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swampy

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HISTORIC PRISON SITE

The site of Camp Sumter (Andersonville Prison) is preserved as part of the the National Historic Site. The historic prison site is 26.5 acres outlined with double rows of white posts. Two sections of the stockade wall have been reconstructed, the north gate and the northeast corner. 

Camp Sumter was established in late 1863 and early 1864 to provide an additional place to hold Union prisoners captured by Confederate forces. The first prisoners were brought to the new prison in February 1864 from Richmond, Virginia. Camp Sumter was built to help lessen the crowding in the facilities in and around Richmond. The new prison was orginally designed to hold a maximum of 10,000 prisoners and was 16.5 acres in size. Overcrowding was an almost immediate problem and by early summer an expansion of 10 acres was completed. By August of 1864, Camp Sumter held over 32,000 prisoners and the death rate was a staggering 100+ daily. In 14 months, nearly 13,000 Union prisoners persished.  

                                               
 
                                                                                                               

NATIONAL PRISONER OF WAR MUSEUM

The idea of a Museum to commemorate the sacrifices of all American prisoners of war took root many years ago, when in 1970, Congressional legislation was passed to create Andersonville NHS. This legislation mandated that the new historic site should tell the story of Andersonville and other Civil War era prisons, protect the physical features of the historic prison site and Andersonville National Cemetery, and should “interpret the role of prisoner of war camps in history and to commemorate the sacrifices of Americans who lost their lives in such camps”. 

For a number of years, the park maintained a small historic building as the POW museum, with exhibits developed by park staff. In the mid-1980’s the park staff began to work with American Ex-Prisoners of War (AXPOW) a national organization of former POWs and their families, setting in motion the idea that a National Prisoner of War Museum should be a part of this National Park Service unit. It was not until the 1990s when Congress appropriated funding for planning and development of the Museum that the project began in earnest. The NPS and AXPOW continued to work closely together to raise funding and corroborate on both design for the building and for the interpretive exhibits. The overwhelming goal for the project was that the Museum would be a fitting visitor center for the public and give visitors a total understanding of the story of all POWs.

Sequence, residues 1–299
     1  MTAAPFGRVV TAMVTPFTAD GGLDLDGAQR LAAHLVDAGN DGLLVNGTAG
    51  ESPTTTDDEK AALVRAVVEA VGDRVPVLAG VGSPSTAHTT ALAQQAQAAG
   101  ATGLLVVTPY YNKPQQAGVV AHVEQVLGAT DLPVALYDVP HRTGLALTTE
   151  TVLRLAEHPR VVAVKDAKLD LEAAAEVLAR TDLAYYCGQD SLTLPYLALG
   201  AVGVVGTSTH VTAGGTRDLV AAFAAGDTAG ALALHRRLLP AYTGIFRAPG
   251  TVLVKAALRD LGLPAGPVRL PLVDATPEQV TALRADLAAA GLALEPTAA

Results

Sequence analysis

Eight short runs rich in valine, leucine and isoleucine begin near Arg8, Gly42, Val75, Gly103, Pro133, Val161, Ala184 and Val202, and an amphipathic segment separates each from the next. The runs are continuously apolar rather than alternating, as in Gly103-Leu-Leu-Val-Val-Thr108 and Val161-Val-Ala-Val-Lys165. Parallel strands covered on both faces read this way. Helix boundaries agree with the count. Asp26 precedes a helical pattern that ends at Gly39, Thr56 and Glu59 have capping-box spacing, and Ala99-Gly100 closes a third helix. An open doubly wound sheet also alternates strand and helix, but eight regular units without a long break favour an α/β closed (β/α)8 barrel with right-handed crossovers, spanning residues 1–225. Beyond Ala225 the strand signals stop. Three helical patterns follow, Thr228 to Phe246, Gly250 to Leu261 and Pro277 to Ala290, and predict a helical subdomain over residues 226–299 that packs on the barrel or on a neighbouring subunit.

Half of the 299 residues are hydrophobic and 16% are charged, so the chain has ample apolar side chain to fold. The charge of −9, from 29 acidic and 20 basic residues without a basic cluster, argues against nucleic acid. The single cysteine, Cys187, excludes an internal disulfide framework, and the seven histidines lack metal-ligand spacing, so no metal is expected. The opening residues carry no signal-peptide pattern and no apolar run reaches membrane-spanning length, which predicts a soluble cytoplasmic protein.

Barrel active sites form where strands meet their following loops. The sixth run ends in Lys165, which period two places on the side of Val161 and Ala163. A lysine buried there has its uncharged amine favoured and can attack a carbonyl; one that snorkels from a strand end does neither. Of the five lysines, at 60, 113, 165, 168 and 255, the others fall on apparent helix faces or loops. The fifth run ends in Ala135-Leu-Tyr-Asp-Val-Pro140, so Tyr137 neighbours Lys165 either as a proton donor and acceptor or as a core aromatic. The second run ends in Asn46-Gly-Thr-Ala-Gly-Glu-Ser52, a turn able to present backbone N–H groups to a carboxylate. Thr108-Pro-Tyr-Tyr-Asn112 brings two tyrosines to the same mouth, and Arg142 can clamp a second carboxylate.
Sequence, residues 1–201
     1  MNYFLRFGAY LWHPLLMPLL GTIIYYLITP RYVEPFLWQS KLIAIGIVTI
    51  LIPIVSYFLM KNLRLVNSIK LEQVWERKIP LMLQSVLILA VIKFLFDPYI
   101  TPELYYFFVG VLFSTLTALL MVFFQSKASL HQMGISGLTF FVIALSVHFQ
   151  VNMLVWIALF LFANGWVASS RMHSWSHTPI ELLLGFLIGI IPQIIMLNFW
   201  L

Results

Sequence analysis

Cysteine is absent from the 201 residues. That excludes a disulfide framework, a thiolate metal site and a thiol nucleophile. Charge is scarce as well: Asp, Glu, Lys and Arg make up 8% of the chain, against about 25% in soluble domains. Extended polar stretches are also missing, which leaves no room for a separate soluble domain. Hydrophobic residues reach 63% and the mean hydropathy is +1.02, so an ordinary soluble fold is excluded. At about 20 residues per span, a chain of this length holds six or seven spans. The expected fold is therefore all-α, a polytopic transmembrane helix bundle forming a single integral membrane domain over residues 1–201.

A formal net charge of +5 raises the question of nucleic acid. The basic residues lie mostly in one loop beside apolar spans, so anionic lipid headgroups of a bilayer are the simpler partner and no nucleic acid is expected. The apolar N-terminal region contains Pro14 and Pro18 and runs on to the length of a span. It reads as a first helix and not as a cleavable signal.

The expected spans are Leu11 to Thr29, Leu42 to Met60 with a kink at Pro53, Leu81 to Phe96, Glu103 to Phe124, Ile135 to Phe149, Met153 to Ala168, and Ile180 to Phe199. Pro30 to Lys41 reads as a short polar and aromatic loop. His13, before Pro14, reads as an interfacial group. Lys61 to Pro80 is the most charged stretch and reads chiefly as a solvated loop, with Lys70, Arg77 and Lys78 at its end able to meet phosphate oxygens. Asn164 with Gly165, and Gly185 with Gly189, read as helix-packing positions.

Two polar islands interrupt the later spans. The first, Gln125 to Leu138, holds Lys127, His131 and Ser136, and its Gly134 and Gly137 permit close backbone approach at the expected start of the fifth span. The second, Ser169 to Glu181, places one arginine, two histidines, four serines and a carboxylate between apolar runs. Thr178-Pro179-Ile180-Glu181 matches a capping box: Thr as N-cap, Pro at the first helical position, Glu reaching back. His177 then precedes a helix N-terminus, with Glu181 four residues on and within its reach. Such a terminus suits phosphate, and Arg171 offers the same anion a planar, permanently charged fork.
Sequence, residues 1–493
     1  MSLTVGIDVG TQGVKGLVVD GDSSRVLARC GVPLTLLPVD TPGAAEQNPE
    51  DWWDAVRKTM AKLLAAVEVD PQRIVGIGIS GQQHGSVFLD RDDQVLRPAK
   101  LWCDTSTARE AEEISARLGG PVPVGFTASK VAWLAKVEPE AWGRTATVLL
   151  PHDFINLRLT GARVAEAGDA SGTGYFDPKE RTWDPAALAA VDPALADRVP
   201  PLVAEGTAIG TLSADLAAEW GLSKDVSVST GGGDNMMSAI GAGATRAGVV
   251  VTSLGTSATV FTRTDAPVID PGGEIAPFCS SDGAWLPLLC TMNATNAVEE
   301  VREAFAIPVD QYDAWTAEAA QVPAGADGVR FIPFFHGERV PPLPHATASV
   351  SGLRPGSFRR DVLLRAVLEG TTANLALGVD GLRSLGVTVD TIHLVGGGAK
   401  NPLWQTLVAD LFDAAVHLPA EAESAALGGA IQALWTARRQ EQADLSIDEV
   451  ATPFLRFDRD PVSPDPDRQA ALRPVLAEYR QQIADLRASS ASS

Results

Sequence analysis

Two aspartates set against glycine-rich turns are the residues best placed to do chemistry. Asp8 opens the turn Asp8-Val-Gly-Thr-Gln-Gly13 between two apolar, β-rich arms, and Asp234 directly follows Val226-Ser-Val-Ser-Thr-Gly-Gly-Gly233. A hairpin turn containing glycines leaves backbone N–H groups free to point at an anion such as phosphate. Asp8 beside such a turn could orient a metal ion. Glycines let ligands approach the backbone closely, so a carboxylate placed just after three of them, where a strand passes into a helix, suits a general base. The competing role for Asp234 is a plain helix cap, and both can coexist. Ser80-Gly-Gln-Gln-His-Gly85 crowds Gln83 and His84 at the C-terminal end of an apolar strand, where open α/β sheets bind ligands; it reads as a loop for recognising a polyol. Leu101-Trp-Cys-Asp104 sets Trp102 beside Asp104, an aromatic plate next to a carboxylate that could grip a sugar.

As the project continued, another partnership group joined the effort. The Friends of Andersonville, a group of local and national supporters of the park, became involved in the fund raising process and also served as a petitioner to the state of Georgia for assistance with construction of a new entrance road for the park which would lead directly to the site of the new Museum. Finally in the summer of 1996, construction of the building began. April 9, 1998 not only commemorated the 56th anniversary of the fall of the Island of Bataan during World War II, but marked a new era of interpretation at Andersonville NHS. Thousands of former prisoners of war and their families along with national and local supporters of the park gathered to dedicate the National Prisoner of War Museum.